March 16, 2017 by Evan Glazman
The global refugee crisis is considered the greatest humanitarian disaster of our time. According to the United Nations Refugee Agency, over 65 million people were forcibly displaced from their homes by conflict and persecution in 2015. That's a staggering 1 out of every 113 people globally. 24 people were forced to flee their homes each and every minute.
In 2017, with the escalation of atrocities against civilians in the Syrian Civil War, as well as ongoing instability in East Africa and other regions, those statistics are sure to have ballooned even more.
"The West," as it is often characterized (generally meaning the nations of Europe, the United States and Canada), is tangled up in the controversial topic of how (if at all) to help these millions of displaced people who are only seeking what most of us take for granted every day: a warm place to sleep, some food and clean water for their families, education for their children, perhaps a decent paying job.
The rise of far right politics across "The West" has cast a shadow of doubt onto the futures of these refugees. Donald Trump campaigned, and now is governing, with an explicitly antirefugee agenda, stoking fears that those refugees seeking asylum in the U.S. are potential terrorists who can't be trusted in our communities. Across Europe as well, the all too real threat of terror attacks has led to similarly reactionary anti-refugee pledges, and the mainstreaming of ultra-right, white nationalist politicians like Marine Le Pen in France.
Amidst the chaos and all the political noise, we've lost sight of the basic humanity of these people. Daniel Huang's photography aims to remind us that refugees are just like the rest of us in the most fundamental way, and that their plight can no longer be ignored.
The Greek islands have become ground zero of the refugee crisis, a sort of buffer zone for mainland Europe that remains skeptical of welcoming displaced people into their countries. Daniel Huang just so happened to be on the island of Chios in January documenting the Souda refugee camp amidst an unusually frigid winter on the exact date that President Trump signed his much maligned (and now suspended on the basis of illegality) travel ban. Huang was spending time with the roughly 1200 refugees living in the camp on the exact moment that the White House told them they officially weren't welcome into the land of freedom and opportunity.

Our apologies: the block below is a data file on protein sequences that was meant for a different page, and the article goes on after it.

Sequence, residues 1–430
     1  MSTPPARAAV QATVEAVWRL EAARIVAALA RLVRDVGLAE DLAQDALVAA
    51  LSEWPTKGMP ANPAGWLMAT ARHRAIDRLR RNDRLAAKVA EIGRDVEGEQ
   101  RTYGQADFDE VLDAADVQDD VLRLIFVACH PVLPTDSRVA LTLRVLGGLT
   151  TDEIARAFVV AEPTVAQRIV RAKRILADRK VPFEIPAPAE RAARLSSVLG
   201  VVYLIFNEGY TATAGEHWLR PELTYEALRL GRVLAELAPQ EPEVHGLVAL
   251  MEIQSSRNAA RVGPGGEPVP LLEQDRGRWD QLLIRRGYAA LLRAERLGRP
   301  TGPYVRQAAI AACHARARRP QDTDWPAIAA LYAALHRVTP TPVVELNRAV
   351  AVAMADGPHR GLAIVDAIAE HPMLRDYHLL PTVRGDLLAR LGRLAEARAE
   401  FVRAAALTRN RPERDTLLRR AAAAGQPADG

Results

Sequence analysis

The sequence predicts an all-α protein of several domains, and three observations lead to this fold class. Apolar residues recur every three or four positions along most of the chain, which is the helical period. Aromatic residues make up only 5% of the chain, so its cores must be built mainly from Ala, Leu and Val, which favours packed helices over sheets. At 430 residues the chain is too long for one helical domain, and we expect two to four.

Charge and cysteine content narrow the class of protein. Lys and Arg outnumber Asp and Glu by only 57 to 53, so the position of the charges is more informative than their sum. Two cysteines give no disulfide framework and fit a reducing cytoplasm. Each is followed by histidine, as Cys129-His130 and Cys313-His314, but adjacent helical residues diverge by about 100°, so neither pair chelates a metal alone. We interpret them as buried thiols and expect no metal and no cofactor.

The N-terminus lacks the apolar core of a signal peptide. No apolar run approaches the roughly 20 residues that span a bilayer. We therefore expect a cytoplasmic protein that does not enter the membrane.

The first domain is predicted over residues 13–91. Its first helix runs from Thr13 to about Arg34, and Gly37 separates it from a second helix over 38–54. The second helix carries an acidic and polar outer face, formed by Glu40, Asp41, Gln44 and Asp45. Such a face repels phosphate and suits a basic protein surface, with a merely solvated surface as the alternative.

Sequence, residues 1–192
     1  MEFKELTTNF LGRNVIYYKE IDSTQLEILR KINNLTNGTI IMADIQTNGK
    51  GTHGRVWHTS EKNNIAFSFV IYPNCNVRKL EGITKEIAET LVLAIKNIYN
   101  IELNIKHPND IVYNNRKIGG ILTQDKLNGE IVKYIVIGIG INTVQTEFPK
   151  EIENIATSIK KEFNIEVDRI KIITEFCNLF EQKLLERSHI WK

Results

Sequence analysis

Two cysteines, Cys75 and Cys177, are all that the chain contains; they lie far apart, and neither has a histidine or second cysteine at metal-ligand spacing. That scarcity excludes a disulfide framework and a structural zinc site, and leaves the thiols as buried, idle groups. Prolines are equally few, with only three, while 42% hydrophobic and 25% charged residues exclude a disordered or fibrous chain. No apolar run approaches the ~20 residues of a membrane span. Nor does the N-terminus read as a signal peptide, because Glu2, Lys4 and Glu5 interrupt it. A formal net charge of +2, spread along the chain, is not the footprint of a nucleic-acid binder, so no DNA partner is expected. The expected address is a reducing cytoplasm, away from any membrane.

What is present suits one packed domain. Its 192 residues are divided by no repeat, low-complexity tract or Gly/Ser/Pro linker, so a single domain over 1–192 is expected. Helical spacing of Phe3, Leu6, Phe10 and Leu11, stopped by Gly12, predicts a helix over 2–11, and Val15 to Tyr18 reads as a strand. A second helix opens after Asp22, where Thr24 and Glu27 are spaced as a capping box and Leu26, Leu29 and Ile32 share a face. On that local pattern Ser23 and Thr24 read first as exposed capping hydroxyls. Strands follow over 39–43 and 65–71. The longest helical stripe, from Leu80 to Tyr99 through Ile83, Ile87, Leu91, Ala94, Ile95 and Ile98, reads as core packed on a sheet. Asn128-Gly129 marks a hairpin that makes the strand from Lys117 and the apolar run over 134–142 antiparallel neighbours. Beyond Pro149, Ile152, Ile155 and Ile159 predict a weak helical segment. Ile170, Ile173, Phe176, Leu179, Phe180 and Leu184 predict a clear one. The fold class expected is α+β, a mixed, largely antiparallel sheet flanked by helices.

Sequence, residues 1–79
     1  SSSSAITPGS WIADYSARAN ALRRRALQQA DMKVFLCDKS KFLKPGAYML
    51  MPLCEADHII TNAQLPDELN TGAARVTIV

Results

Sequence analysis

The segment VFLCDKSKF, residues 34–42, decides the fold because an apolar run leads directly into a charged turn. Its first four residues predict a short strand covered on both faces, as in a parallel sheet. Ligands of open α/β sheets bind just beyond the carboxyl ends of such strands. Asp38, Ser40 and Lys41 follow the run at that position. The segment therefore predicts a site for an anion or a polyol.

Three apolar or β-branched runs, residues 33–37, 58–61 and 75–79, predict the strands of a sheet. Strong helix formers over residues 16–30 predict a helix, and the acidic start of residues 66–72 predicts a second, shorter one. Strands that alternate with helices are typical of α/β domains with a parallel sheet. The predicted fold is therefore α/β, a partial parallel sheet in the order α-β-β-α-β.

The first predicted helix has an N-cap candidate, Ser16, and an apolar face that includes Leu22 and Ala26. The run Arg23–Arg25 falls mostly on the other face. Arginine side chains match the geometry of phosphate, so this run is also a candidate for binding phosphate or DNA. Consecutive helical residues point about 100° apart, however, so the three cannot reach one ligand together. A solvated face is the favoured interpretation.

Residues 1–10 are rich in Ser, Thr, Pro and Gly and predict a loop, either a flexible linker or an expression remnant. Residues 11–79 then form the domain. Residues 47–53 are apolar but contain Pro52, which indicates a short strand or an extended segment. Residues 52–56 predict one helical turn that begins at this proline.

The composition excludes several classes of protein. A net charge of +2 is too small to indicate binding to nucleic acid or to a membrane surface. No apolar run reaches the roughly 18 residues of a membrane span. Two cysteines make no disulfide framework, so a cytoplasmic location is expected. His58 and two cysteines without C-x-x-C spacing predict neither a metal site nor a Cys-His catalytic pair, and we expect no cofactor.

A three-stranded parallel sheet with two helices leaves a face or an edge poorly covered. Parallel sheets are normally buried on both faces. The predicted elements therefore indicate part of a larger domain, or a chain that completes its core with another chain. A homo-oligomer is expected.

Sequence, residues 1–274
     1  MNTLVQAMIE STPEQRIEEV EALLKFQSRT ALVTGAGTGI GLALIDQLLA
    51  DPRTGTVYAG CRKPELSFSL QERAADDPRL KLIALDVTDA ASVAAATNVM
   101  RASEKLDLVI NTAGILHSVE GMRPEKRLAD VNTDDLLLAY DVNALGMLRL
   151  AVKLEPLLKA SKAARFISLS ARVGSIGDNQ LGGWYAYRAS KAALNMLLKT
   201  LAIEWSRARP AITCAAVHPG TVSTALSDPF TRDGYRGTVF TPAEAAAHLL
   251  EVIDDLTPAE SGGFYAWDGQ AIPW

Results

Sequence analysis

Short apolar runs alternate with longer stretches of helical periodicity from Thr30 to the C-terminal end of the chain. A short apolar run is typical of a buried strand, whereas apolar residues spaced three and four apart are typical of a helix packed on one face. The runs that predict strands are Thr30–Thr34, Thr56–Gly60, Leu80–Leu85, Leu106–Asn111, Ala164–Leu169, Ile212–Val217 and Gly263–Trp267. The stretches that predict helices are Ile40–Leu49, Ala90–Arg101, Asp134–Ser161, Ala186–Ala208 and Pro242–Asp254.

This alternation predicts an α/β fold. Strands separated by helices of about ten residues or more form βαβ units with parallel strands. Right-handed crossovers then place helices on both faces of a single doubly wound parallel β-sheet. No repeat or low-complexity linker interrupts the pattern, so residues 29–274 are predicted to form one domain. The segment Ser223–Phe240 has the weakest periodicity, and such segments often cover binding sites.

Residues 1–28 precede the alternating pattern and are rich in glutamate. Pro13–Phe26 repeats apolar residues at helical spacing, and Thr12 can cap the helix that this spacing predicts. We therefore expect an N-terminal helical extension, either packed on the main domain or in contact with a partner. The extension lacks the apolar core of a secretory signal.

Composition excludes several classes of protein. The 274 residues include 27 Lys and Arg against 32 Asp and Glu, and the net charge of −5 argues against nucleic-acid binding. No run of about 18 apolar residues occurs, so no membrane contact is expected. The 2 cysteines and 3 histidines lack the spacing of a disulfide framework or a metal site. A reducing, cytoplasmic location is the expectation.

The resulting photos are an important historical document, and should serve as a real gut check for anyone currently sitting in the comfort and stability of "The West". Have we all turned our hearts away from these people? While we sip our coffees, dreading our daily morning commutes to work, these refugees are wondering how much longer they'll have to raise their young children in makeshift plastic tents, living in an imposed purgatory.
Daniel Huang's beautiful and heartbreaking photography makes a forceful case for rejecting xenophobia.
There are no quick and clear answers to solving the worsening refugee crisis, and no relief in sight for these displaced people. The best option they have is to hope for asylum in Germany or Canada, probably the two nations currently most open to welcoming refugees within their borders.
What we can do is search within ourselves for empathy and understanding: the understanding that all humans deserve a home and the serious concern of the international community. We can use our votes against politicians who would build walls and issue blanket travel bans, who stoke the flames of fear rather than projecting messages of unity and hope. We can also give material support to organizations such as Unicef, the UN Refugee Agency and the International Rescue Committee, who are all doing incredibly important work for these refugees who so desperately need our help.